Applying for jobs in Japan
Applying for jobs can be an exhausting, stressing and demotivating experience. This is no less true in Japan. For us foreigners, this is sometimes compounded by the language barrier and lack of cultural awareness.
I recently went through an interview process, with less than perfect Japanese language skills, and I am going to talk about my experience, as well as how job interviews work in Japan in general.
The first thing you have to do, and possibly the most different to what you are used to, is writing a CV, or résumé for Americans. The huge difference here is that Japanese CVs are usually handwritten. Yes, you read that right, handwritten. In the 21st century. While in the rest of the world people started typing their CVs some time before the 1950s, and often send them by email these days, here in Japan they still love their handwritten CVs. I guess it’s important how beautiful your kanji is or something. You will usually buy a CV template from a convenience store or a 100 yen shop, and fill in the blanks.
Needless to say, this is a huge hassle. First of all, if you make a mistake, you’ll simply have to start over, so you better have a bunch of templates ready, just in case. Another problem, as you may have guessed, is that if you are applying for multiple jobs, you’ll have to write down the same things over and over again. I hope you don’t suffer from carpal tunnel syndrome, because the hours of time it will take to write multiple CVs won’t be pleasant. That’s if you are even good at kanji in the first place. If not, you’ll have to either try you best to copy the characters from a printed form, or ask someone else to do it for you — and you better reward them for the effort.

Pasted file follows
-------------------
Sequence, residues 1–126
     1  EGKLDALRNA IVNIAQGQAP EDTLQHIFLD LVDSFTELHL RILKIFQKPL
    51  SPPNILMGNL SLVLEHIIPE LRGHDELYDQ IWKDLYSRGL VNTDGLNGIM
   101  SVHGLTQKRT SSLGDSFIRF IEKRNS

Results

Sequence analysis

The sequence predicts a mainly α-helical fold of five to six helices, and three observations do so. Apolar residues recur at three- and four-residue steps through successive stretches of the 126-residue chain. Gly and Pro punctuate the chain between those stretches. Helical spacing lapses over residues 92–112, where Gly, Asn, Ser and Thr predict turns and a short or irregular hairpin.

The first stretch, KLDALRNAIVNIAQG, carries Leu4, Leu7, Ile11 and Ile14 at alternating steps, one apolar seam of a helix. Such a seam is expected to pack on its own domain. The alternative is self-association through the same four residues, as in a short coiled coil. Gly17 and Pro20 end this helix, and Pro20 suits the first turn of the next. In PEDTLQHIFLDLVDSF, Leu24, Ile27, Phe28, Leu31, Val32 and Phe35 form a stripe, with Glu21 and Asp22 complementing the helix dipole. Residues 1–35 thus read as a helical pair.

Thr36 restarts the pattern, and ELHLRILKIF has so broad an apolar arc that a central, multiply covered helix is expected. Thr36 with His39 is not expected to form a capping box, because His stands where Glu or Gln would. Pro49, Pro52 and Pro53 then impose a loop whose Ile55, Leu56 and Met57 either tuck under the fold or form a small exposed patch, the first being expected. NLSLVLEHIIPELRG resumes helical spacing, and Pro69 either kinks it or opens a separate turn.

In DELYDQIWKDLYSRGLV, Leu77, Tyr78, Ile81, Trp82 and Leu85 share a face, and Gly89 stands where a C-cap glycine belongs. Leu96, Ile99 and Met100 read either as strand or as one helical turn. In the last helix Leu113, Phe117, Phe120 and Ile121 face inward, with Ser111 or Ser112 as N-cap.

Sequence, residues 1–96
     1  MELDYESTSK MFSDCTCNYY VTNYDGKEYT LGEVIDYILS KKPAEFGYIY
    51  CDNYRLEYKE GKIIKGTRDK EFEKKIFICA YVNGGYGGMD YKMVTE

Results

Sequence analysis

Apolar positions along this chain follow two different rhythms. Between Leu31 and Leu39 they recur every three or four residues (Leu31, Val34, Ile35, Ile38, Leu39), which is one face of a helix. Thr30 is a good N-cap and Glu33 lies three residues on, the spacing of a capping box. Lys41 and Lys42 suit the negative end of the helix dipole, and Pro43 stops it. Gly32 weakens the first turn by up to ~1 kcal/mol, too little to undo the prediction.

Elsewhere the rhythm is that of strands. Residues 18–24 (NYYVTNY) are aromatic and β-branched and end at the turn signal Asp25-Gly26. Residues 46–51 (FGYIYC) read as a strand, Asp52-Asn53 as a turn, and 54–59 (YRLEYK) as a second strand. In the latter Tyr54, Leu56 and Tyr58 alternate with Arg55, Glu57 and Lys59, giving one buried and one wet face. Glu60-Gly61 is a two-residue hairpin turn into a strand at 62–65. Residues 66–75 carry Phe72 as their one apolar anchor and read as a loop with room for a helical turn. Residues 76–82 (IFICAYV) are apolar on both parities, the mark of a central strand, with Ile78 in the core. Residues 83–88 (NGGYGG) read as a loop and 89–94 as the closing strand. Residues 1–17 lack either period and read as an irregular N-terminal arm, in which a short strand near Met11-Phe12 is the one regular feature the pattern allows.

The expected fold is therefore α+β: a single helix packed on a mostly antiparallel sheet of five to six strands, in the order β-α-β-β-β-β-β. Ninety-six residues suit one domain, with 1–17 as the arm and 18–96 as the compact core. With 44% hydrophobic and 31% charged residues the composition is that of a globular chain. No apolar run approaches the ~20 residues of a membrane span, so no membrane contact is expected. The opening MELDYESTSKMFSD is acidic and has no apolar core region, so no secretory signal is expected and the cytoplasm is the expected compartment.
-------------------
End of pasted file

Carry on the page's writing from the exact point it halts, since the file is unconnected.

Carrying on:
Another difference, although in this case perhaps an advantage for some, is that the Japanese CVs don’t leave much room for creativity. You simply fill in the blanks and explain your work history, your responsibilities at your different jobs, and the dates you worked at them. There is not much “selling yourself” to do here, though there is a small section where you can explain your strengths in a couple of sentences. Some people might prefer that, as there isn’t much customizing to worry about. On the other hand, if you like getting creative, this can be tedious. I guess Japanese companies emphasise job history over creativity, or at least wait until the job interview to asses your personality.
This brings me to the job interview itself. Once your CV has been accepted — or perhaps before, as you might be required to hand in your CV during the first interview — you will have to face the interviewers. It’s not rare for companies to require several job interviews before you get the job, although that is hardly unique to Japan these days. Having two or three interviews is extremely common.
While there is no way for me to prove this, from my own experience and talking to other people, I have the feeling that most of the “weeding out” is done after the first job interview. Or maybe I have a very fortunate group of friends and acquaintances. I’d say that if you make it to the second interview, you have a pretty strong chance of actually getting the job, though of course it’s never a guarantee. Don’t spill hot coffee on the interviewer, I guess.